Mobility Matters Stepping out in Faith has left me thinking I will now call canes power sticks!!!
Michael Benson, Founder
Visual Experience Foundation
4 Stars “…As a mobility specialist myself, I found this book of great interest to me for its subject matter. I was quite amazed that Amy could get around on her own with her genetic condition, particularly at night, since individuals with Retinitis Pigmentosa (RP) tend to lose their night vision and are using a cane at night much sooner than Amy was using any assistive device (even a bright light). Amy maintained her positive attitude, her faith and her sense of humour. If only we all could do that in times of crisis!” –Kathryn Svendsen, Mobility Specialist, Canada
5 Stars “Couldn’t stop reading until I finished. Very inspirational. Will definitely be looking for more by this author!” –Sharon Hannah
5 stars “…This book really inspired me. Amy’s outlook on life is what I would like to model in my own. Yes, going blind SUCKS but she took it to another level. She made it into an adventure and I needed to be reminded of that again. Her positive outlook on this all has really encouraged me in my current situation now. Taking the step of faith to move on forward and embrace life for what it is. I highly recommend purchasing this book! Be inspired, take a journey behind the life of someone with Usher, smile, laugh, and enjoy! –Andi Nicole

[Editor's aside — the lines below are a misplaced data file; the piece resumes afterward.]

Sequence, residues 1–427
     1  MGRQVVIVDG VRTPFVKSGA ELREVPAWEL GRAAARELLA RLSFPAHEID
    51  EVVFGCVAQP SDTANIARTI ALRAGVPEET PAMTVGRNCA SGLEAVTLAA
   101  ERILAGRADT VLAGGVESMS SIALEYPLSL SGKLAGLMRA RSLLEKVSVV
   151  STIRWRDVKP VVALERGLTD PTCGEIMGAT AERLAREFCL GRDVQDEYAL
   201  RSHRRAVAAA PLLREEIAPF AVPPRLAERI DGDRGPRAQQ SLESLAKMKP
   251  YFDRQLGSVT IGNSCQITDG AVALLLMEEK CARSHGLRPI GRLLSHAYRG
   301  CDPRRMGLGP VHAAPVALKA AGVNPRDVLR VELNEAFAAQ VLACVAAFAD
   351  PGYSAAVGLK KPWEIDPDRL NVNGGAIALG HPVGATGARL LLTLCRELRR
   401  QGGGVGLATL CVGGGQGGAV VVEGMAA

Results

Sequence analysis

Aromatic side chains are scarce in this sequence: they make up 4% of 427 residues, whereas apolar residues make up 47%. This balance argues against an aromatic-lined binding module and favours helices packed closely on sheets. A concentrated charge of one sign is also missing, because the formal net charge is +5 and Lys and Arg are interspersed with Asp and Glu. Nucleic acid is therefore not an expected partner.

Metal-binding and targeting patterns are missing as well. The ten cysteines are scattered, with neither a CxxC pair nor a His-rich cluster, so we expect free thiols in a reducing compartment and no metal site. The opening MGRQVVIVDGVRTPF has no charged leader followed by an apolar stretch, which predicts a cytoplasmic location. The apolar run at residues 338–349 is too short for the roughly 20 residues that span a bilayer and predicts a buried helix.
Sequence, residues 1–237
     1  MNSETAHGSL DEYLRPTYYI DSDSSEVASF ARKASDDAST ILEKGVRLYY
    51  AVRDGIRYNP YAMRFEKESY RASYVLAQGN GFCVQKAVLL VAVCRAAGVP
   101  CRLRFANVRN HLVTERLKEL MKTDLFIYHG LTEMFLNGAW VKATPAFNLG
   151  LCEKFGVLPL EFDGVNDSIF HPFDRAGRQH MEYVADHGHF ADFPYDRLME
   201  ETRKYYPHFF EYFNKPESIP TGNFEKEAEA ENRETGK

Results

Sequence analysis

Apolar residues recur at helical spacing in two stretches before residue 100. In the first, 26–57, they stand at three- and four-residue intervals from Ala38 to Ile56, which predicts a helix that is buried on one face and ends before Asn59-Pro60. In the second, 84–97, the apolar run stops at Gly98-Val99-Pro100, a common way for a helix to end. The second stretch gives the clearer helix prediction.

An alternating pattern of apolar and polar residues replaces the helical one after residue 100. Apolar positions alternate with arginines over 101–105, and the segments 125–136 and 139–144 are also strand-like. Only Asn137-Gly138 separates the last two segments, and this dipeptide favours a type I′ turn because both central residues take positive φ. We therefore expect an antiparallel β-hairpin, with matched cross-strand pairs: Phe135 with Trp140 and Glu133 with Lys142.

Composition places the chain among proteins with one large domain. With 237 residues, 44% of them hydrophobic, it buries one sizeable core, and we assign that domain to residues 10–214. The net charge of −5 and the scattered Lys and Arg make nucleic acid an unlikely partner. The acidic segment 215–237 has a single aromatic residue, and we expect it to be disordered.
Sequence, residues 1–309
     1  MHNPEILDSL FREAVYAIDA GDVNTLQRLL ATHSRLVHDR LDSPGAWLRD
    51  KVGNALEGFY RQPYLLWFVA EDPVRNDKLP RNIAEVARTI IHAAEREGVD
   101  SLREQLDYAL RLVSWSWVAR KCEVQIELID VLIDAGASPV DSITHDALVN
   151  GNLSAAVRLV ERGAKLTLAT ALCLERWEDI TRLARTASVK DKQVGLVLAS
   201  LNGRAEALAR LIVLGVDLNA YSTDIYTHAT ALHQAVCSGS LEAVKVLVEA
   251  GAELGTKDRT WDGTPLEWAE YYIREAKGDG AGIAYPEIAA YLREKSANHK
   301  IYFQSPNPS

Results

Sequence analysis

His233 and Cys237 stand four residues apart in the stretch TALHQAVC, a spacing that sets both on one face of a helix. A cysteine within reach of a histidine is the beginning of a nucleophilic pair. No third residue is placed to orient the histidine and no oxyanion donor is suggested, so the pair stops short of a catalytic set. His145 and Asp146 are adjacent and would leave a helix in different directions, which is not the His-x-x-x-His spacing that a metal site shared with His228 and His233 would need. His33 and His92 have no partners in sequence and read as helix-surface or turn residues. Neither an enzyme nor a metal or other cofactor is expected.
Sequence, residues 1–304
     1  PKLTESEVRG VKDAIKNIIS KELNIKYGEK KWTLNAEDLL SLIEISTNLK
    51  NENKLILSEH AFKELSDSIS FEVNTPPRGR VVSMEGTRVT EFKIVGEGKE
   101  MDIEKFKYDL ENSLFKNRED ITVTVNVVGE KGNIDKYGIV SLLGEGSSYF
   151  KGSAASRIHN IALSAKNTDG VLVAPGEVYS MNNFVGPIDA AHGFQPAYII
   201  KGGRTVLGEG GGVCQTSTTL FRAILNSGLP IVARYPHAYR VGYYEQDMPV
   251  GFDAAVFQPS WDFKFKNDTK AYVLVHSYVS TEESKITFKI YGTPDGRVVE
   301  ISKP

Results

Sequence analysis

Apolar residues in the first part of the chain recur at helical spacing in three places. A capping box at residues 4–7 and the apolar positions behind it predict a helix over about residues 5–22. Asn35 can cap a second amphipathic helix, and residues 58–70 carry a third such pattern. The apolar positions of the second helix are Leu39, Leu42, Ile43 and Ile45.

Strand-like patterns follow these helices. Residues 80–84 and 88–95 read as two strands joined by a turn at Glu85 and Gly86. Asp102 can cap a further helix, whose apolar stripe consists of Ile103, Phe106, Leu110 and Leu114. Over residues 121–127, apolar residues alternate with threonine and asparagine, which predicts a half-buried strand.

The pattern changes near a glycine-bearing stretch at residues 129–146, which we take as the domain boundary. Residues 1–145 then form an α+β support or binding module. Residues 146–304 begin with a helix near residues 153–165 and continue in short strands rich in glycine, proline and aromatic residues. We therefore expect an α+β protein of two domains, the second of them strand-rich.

5 Stars “As a person who lives with chronic illness, I sometimes get bogged down with books on illness that feel really heavy. This one does not. Author Amy Bovaird, who is losing her sight, writes so well about her personal experiences, I feel like I’m walking alongside her as I read. I kept coming back to the story to see what happened–was she going to let fear stop her? Would she overcome?
The lessons Amy learns through her experiences apply to any of us who fear aging, illness, new symptoms, or really anyone who needs some inspiration, and that reminder that much can be accomplished if you step out and forward–even when you cannot see beyond that first step. I definitely enjoyed this book. –Kimberly Rae, Bestselling Author of the Stolen Series
Blog post review by Gillian Davis, RP Tunnel of Sight
One of the best books I have ever read about mobility and white cane use is called Mobility Matters: Stepping out in Faith by Amy Bovard. It is funny, poignant and packs a lot of tips and useful information. You can find it by following the link below to Amy’s web page and listen to a chapter before you buy, it is wonderful.